Formula E Driver Tests Electric GT Tesla Model S P100D

7 months ago by 7

Electric GT Tested By Di Grassi

Di Grassi tests Electric GT Tesla

By: Scott Mitchell, Autosport Features Editor,

Electric GT, Tesla Model S P100D

Formula E runner-up Lucas di Grassi has tested Electric GT’s development Tesla and thinks the final version has the potential to be the most powerful GT car in the world.

The Audi driver completed more than 20 laps over half a day’s running at Vallelunga in the Tesla Model S P85+ last Saturday.

Di Grassi has been a part of Formula E since its launch and is a keen supporter of the Roborace driverless racing car project.

“As with every other new technology I want to be involved and understand what they want to achieve,” di Grassi told

“Formula E is very complex and exotic technology, this is a commercial product – turning a road car into a race car by adding slicks and putting the roll cage in and stripping down extra weight.

“The car is very agile because most of the weight is at the bottom, the centre of gravity is very, very low and that’s what you need on a racing car.

“There’s very little downforce – it’s got a rear wing and a front spoiler – but the mechanical grip is quite impressive. Pirelli has made some very soft tyres.

“The problem is the car has thermal limitations. You can have a very fast car on a qualifying lap, then it goes back to nominal power for 15 or 16 laps.

“If you save the temperature you can peak it again. The challenge will be to drive as quickly as possible without overheating the motor.”

Note 0 to 62 MPH Times Of 2.1 Seconds – Image Via Electric GT Twitter

The P85+ is rear-wheel drive and has a peak power output of 380kW (509bhp), with the ‘nominal’ power – effectively race trim – around half that.

The four-wheel-drive P100LD the series wants to race with has peak power of 585kW (784bhp), while nominal power is 380kW.

Di Grassi says he “can guarantee the new car with its properties will be as quick as a GT3 car” and reckons it will have a similar power-to-weight ratio to LMP2 cars.

This would put Electric GT in the performance ballpark of Super GT’s GT500 cars, which were deemed the world’s fastest GT cars in an investigation by Autosport last year.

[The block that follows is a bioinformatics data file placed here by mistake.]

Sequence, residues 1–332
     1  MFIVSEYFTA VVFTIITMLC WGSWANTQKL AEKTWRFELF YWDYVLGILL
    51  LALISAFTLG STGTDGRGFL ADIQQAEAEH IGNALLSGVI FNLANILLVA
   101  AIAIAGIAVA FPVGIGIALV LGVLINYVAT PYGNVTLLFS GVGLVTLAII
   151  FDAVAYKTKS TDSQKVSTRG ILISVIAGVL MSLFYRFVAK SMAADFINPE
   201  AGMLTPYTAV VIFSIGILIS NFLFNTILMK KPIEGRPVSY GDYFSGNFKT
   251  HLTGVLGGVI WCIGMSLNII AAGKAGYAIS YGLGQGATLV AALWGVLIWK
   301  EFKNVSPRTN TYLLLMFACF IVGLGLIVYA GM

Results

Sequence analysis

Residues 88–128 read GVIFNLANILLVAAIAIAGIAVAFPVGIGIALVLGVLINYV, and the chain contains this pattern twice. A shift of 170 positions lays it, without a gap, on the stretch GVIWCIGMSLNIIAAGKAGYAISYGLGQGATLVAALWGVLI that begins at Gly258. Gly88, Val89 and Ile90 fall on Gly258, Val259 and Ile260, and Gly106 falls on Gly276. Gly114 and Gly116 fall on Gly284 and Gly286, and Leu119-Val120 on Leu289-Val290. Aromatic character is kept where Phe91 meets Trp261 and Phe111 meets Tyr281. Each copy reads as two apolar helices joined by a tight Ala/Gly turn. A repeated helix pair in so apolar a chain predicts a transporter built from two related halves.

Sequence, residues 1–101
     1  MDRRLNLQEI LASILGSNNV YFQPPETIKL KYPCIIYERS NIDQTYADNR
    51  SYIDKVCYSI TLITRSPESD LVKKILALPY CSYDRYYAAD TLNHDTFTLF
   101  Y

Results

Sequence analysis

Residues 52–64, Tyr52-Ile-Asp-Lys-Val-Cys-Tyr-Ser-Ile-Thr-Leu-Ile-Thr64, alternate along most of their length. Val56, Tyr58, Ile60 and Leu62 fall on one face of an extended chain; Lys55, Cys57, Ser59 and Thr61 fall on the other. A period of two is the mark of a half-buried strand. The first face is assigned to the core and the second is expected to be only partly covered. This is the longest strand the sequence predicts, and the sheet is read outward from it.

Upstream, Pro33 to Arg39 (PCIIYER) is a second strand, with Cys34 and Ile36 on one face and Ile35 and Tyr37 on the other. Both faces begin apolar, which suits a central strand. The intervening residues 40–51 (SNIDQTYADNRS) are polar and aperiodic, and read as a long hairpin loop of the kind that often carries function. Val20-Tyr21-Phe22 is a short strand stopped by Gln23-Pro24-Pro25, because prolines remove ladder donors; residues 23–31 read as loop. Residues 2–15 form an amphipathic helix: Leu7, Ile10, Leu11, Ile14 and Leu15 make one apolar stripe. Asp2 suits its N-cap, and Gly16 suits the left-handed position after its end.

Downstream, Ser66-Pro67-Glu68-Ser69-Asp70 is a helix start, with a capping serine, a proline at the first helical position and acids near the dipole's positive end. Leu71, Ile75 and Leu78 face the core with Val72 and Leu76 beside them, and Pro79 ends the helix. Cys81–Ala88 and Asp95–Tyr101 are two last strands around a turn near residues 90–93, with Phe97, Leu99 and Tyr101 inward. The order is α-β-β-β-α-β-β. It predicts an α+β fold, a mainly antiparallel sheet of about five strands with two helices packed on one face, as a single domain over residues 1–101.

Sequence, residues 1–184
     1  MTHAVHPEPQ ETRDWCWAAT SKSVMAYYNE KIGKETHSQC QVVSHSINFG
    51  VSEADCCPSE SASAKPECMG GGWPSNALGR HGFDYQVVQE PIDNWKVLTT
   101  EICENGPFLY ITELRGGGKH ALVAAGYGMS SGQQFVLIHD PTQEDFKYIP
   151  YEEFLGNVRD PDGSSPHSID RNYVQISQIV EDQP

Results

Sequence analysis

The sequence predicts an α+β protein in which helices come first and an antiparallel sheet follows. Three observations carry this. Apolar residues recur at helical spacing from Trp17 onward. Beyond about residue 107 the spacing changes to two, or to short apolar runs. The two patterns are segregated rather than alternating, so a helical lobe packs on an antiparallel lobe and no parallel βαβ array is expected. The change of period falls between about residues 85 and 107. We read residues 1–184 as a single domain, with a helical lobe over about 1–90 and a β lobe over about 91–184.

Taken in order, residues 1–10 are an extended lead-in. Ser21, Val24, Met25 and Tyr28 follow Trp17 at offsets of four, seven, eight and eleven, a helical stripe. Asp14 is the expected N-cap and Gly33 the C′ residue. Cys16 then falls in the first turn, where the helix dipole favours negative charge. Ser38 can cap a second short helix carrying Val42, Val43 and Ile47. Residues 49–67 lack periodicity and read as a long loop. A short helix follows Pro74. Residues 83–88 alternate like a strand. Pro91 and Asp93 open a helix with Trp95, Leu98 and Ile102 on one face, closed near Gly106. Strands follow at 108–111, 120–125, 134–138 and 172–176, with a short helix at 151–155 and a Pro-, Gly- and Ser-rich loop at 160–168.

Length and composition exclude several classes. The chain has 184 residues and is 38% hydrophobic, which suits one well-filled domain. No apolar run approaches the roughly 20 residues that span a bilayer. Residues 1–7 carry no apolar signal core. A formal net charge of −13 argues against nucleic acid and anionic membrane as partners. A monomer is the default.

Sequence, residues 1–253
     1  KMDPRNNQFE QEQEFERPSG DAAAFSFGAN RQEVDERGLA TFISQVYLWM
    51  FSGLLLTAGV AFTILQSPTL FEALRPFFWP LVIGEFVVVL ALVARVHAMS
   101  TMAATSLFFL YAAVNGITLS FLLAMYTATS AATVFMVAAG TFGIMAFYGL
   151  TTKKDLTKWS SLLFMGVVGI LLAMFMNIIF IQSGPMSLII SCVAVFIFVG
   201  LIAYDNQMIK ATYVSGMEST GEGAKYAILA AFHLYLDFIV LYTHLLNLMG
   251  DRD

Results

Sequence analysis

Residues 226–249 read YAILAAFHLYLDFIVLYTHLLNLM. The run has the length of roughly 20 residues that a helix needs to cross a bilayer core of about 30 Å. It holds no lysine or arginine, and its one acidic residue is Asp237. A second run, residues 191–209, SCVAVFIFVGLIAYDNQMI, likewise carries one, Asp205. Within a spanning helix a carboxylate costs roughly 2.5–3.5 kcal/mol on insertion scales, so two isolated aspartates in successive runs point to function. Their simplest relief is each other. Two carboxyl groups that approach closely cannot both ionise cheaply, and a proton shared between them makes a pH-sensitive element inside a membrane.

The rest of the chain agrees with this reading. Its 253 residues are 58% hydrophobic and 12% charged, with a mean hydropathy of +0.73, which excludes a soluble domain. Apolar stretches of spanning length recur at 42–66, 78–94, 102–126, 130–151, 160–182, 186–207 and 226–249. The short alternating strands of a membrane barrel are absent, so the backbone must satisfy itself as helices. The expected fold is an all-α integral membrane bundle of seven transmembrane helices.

“The new car is much more suitable for the high-performance runs,” di Grassi added. “There is more cooling and everything is better dimensionally.

“It may be the fastest GT car out there over a single lap, but not for a race distance, you have to slow down cause of the thermal problem and battery management.

“They need a good downforce package – it has very little downforce at the moment.”

Di Grassi believes Electric GT and Formula E can easily co-exist because “one thing has nothing to do with another” and “it’s like comparing GTE and Formula 1, or LMP1”.

Electric GT Championship – Tesla Model S

He also said he would consider racing in the championship if Audi allowed him, adding: “It would be nice to be the first-ever winner of an electric formula race and then this series.”

What is Electric GT?

Electric GT is aiming to kick off in the second half of 2017, with a handful of races on European circuits such as Silverstone and the Nurburgring.

Its intended race weekend format is a 20-minute practice session, a one-hour qualifying session and two 60km races, one in the day and one at dusk.

The plan is for 10 two-car teams, though no entrants or drivers have been officially signed up.

A number of prospective competitors, including Alexandre Premat, Oliver Webb and Stefan Wilson, have been announced as part of a ‘drivers’ club’.

The likes of ex-Formula 1 drivers Heinz-Harald Frentzen and Karun Chandhok have also tested the development car.

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7 responses to "Formula E Driver Tests Electric GT Tesla Model S P100D"

  1. Bacardi says:

    I see they say the new car has better cooling yet with battery tears downs the 100 isn’t exactly “superior” to the 85…Wonder if anyone could work with them to improve the cooling?

    1. Arpe says:

      Are people experiencing cooling problems in everyday life with their Tesla?
      or is it just in racing condition as these?

      If it is the last one Tesla have little to no reason to improve this anytime soon 🙂

      1. orinoco says:

        Not on roads with speed limit. But on German autobahns there is no general speed limit. So when you drive with your foot down to the floor you only get maximum speed for some time. Then the battery management limits the power output and speed to less than 200km/h / 120 mph. youtube videos show this. e.g.
        Tesla against Hellcat (german)

        1. Koenigsegg says:

          I’m in California so I don’t give a single f**k about the Autobahn

    2. pjwood1 says:

      Part of the problem is the more robust the cooling, the more energy you’re allocating to it, and subsequently less energy you’re putting to the wheels. You also, at that point drop below 1KWh/mile. Inertia is such an EV enemy, in this environment. Slower, more technical courses, or ones known to be hard on brakes (like Sebring), are where these electric GTs will be sandbagging, to keep the heat down. Faster sweeping, purpose built, road courses will even things out.

    3. Josh Bryant says:

      The initial article I read about this series, improved cooling was one of the modifications planned. Maybe they haven’t found a way to completely solve it, yet.

      As pjwood stated about energy requirements for cooling, with the extra 15 kWh in the P100DL, there might be extra energy available to dedicate to cooling.

      It sounds like this driver only tested the modified P85+, not the modified P100DL (which probably doesn’t exist yet).

  2. unlucky says:

    I can’t see how this has the power to weight of an LMP2 car.

    Not even on its peak lap. An LMP2 is 930kg and 600HP.

    (see here)

    This is 25% more HP on a peak lap and will weigh at least 50% more.